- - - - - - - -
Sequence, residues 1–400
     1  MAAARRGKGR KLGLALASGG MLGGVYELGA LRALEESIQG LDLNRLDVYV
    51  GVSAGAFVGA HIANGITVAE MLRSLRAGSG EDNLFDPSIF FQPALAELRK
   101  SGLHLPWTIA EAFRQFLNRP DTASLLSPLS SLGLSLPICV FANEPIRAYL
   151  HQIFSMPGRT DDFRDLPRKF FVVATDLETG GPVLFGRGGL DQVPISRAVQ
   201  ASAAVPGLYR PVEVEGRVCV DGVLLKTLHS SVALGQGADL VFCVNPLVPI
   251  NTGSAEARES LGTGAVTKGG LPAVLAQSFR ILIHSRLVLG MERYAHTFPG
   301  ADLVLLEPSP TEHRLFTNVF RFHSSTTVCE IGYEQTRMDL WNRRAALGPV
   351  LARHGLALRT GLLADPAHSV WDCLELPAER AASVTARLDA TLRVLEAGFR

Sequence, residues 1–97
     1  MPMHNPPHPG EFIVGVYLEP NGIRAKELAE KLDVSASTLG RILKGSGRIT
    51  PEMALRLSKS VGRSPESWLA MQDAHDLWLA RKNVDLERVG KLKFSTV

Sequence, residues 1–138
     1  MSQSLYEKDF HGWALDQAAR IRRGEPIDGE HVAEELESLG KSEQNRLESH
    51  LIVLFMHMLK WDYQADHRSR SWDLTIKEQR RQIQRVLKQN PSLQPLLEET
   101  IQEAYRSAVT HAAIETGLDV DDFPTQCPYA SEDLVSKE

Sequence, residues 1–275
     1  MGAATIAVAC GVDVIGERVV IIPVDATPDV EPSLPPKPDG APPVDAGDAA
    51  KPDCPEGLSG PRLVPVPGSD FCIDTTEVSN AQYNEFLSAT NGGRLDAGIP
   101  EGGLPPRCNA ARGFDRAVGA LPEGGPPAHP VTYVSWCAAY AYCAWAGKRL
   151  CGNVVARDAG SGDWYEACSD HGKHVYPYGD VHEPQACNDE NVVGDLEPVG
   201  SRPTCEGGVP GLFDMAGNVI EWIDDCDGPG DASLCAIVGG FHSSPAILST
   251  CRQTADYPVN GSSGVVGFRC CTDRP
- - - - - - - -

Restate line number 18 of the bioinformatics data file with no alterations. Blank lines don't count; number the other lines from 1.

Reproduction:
     1  MGAATIAVAC GVDVIGERVV IIPVDATPDV EPSLPPKPDG APPVDAGDAA